> A few folks recommend 30. We have had quite a bit of trouble with 2. I now have 30 installed and a 10 in stock.
            >
            > I'd like to settle on the best choice.
            >
            > I looked up the Yanmar 2ndary filter and could not determine how granular it is. I was thinking I don't want a primary that is larger than the 2ndary, but I have no expertise in this area.
            >
            > On a second note, What do you keep on board for spares. Here is what I have: Primary Fuel filter, Secondary Fuel filter, Oil filter, Alternator belt. Should I carry other stuff like an impeller?
            >
            > Your feedback is valued!
            >
            >
            > Thanks
            > Scott Dickinson
            > Tiki J
            > J42 #33
            >


          • Richard Greene
            FYI, I ve change the impeller every year (9) and haven t paid attention to the direction of the fins so I m guessing it doesn t matter. Regarding fuel filter
            Message 5 of 6 , Oct 14, 2009
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              FYI, I've change the impeller every year (9) and haven't paid attention to the direction of the fins so I'm guessing it doesn't matter.
              Regarding fuel filter question.
              I replaced the stock Racor R12 filter to a R20 after having some fuel problems. It was a tight fit but you can get it in the same general location near the muffler. It looks like its got at least twice the capacity as the R12.
              I always use the 2 micron filter so its the same spec as the final filter on the engine.
              I've heard it suggested that you should use a 10 micron for the first filter (Racor) to keep the big stuff out of the final 2 micron engine filter. My thinking was that if you do that and your engine stops you don't know if its the Racor or the one on the engine. With a 2 micron Racor you know that's the one that will clog up first.
              Dick Greene
              Maine Sail J42 #48


              From: Ivan C Getting <getting@...>
              To: j4x-owners-group@yahoogroups.com
              Sent: Fri, September 18, 2009 1:28:45 PM
              Subject: Re: [j4x-owners-group] Re: What size primary filter do you use on your Yanmar? and what spares do you carry

               

              Hi,

              Raw water pump.  Prebend in the right direction does not matter.  The rotation of the pump aligns the fins correctly.  On shutting down the engine the fatal compression stroke often reverses the direction of rotation reversing the orientation of some of the fins.  I've watched it with the pump cover off after a few seconds of running.  I know the manual makes a big deal out of it, but my experience and every mechanic I've talked to agrees that the initial direction of the raw water impeller pump fins is irrelevant.  Any other opinions?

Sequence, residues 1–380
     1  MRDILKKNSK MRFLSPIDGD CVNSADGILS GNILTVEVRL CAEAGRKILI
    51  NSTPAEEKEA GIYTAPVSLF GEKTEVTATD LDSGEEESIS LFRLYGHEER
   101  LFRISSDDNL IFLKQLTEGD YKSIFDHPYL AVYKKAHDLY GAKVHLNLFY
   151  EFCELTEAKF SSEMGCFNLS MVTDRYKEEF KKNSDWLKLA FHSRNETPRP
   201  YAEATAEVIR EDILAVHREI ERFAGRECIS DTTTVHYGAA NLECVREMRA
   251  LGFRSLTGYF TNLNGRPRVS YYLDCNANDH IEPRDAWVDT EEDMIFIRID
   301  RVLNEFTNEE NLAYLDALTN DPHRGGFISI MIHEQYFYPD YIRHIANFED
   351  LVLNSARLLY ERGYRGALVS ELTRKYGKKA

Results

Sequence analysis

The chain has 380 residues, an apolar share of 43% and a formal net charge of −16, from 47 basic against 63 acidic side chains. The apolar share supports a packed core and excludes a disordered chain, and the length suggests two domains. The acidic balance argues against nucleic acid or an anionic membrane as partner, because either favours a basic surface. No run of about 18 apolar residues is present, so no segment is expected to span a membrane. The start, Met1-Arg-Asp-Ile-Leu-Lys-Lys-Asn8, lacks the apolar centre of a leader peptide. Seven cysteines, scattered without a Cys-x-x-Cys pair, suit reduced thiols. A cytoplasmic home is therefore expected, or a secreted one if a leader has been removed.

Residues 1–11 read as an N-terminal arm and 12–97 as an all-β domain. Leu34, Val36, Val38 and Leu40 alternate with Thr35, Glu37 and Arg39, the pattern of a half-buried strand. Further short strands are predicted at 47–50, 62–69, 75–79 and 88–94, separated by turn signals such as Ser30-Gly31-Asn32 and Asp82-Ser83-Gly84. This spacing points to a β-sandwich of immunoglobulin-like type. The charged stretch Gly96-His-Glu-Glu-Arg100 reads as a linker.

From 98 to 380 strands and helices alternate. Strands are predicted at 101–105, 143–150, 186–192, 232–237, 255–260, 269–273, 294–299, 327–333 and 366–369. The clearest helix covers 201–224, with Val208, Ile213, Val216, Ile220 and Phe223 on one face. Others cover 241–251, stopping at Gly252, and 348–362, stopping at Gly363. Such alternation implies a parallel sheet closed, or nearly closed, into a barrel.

Ivan Getting
              J/42, Hull no 74

              lenny_reich wrote:

               

              Scott: Unless you have your impeller changed every year and put no more than about 100 hours on the engine annually, you should carry a spare impeller and know how to install it. The old impellers can sometimes be difficult to remove, and you need to pre-bend the vanes of the new impeller in the correct direction (often done with a cable tie) as you slide it in place.

              --- In j4x-owners-group@ yahoogroups. com, "sk_dickinson" <sk_dickinson@ ...> wrote:
              >
              > All,
              > We've done some work on our fuel system and relized we have 3 different primary filter types and I wanted your advise as to which I should stick with.
              >
              > We have a Racor primary filter. What Micron type do you use?
              > 2, 10, or 30.
              >
              > A few folks recommend 30. We have had quite a bit of trouble with 2. I now have 30 installed and a 10 in stock.
              >
              > I'd like to settle on the best choice.
              >
              > I looked up the Yanmar 2ndary filter and could not determine how granular it is. I was thinking I don't want a primary that is larger than the 2ndary, but I have no expertise in this area.
              >
              > On a second note, What do you keep on board for spares. Here is what I have: Primary Fuel filter, Secondary Fuel filter, Oil filter, Alternator belt. Should I carry other stuff like an impeller?
              >
              > Your feedback is valued!
              >
              >
              > Thanks
              > Scott Dickinson
              > Tiki J
              > J42 #33
              >